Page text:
Comparison to the Japanese yen
Free marketers also like to draw comparisons to the Japanese Yen in the 1980s. The U.S. had a large trade deficit with Japan when they pushed the country to appreciate its currency, which they did. However, this did not decrease the trade deficit. According to the New York Times:
The trade deficit with Japan actually widened to $108 billion in 1987, from $94 billion in 1985. The rising yen wasn’t enough to halt the growth of companies like Sony and Toyota. They had too many advantages, including lower labor costs.
The Japanese soon thereafter went into a decade-long economic slump, but this policy did nothing to help the U.S.
The final word
The world cannot avoid inflation forever. For this, I will give the final word to the esteemed Economist magazine:
…a real appreciation in China will sooner or later feed into American inflation, in one of two ways. First, it can be achieved via a controlled nominal appreciation of the yuan. Second, in the absence of such an appreciation it will come via inflation in China, since—as Paul Krugman bluntly puts it—inflation is merely “the market’s way of undoing currency manipulation”.
No matter what China does, sooner or later something will have to give.
Before diving into the nitty-gritty and telling you why Austrian economists think China’s devaluation of the yuan is no big deal and why Keynesian economists think we haven’t been spending enough money to pull ourselves out of recession, I think it’s best to have an introduction to the theories I will discuss in this blog. This blog will analyze various current and historical events mainly through the lens of the two largest and competing economic theories: Keynesianism and the Chicago school. From time to time honorable mentions will go to the Austrian school and Marxism.
Below, I am providing a brief synopsis of the two theories so the uninitiated might better be able to follow later posts in this blog. (For those who are already well-versed in economics, I invite you to add to and/or criticize or debunk anything said on this blog. This blog is not meant to be extensive, but I’d like it to be as accurate as possible.)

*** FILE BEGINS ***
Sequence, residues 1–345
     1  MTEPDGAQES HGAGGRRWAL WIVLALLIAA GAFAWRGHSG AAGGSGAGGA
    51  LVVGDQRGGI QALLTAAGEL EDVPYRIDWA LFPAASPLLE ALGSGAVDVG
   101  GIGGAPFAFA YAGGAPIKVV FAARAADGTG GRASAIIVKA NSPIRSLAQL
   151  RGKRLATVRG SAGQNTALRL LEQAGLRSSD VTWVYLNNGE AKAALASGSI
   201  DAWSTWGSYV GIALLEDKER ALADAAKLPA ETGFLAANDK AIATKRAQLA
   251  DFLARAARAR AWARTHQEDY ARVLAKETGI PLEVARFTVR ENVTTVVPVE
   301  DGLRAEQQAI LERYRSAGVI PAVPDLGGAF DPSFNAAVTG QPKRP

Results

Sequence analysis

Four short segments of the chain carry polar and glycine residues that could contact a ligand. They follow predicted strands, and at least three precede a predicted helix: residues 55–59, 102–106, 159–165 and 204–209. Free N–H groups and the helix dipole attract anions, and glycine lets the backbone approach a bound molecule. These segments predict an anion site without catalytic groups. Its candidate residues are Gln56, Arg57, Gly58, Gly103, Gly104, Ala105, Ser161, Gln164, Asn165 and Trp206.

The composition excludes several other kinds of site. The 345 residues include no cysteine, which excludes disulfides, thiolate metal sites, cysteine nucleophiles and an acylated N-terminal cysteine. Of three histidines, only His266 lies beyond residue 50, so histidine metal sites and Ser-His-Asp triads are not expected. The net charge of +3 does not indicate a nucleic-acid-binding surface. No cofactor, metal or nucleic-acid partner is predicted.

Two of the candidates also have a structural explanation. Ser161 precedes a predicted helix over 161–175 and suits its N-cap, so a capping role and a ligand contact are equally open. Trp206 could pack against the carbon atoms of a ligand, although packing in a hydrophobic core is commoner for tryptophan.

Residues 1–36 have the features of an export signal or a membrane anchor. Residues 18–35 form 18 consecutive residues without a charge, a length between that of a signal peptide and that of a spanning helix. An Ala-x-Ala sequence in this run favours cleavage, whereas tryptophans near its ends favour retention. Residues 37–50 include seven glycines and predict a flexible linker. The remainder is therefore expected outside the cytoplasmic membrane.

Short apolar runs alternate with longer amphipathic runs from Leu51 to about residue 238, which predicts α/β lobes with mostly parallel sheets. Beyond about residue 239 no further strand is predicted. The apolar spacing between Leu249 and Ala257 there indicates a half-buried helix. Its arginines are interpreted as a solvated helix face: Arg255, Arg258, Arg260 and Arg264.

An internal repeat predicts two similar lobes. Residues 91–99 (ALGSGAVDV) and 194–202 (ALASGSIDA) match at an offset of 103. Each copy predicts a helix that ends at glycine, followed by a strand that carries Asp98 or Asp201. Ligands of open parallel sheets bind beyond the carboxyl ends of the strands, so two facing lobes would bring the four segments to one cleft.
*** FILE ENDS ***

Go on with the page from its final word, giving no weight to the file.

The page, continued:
Keynesian economics is named after John Maynard Keynes, who is greatly responsible for modern macroeconomic theory thanks to his book The General Theory of Employment, Interest and Money. Keynesianism supports a regulated economy and money supply. The krux of the theory is that a lack of aggregate demand is what leads to unemployment and thus economic recessions. To combat this, Keynes proposed increasing the money supply during recessions. More money would increase demand and keep unemployment stable (or at least keeping it from becoming as bad as it would have otherwise). Keynes did note some limitations on this being an effective method of controlling the economy. As the popular Keynesian Nobel Laureate and New York Times columnist Paul Krugman pointed out in 2008:
The key to Keynes’s contribution was his realization that liquidity preference — the desire of individuals to hold liquid monetary assets — can lead to situations in which effective demand isn’t enough to employ all the economy’s resources.
However, Keynes was widely criticized in the 1970s during a period of stagflation (a period of both high inflation and unemployment), which he posited could not happen.
Chicago school of economics
That stagflation criticism of Keynes allowed a new school of economics to gain popularity in the 1980s (in conjunction with the rise of Reagan). This school of thought took its name from the University of Chicago, as many of the economic theories falling under this umbrella were developed by certain faculty members of the university. This school of thought is generally used synonymously with supply-side economics, which is a free-market economic theory. This theory promotes removing barriers to stimulate economic activity, such as lowering tax rates, allowing businesses to spend more by way of more investment and employment.
Milton Friedman is perhaps the most widely known and influential economist of the Chicago school. Unlike Keynesian policy, Friedman and other Chicago scholars argued for a neutral monetary policy to promote long term economic growth. Prices, Friedman claimed are based on the money supply.
Austrian and Marxist economics are two theories that may be touched on in this blog but they are largely considered more fringe. I mention them because they have had some resurgence in recent years due to the current global recession. The Austrian school has seen a rise in popularity due to promotions of Friedrick Hayek’s The Road to Serfdom and Karl Marx’s Das Kapital became a bestseller again in Germany just a few years ago.
There is a lot of overlap between the Austrian school and the Chicago school, as they both promote free market economics. Where differences occur in specific instances, I will try to elaborate in the post for that topic. Marxism is an exception all on its own as it has largely stopped being developed. However, some people have continued to try to apply and develop the theory to some extent, which I will try to use where appropriate.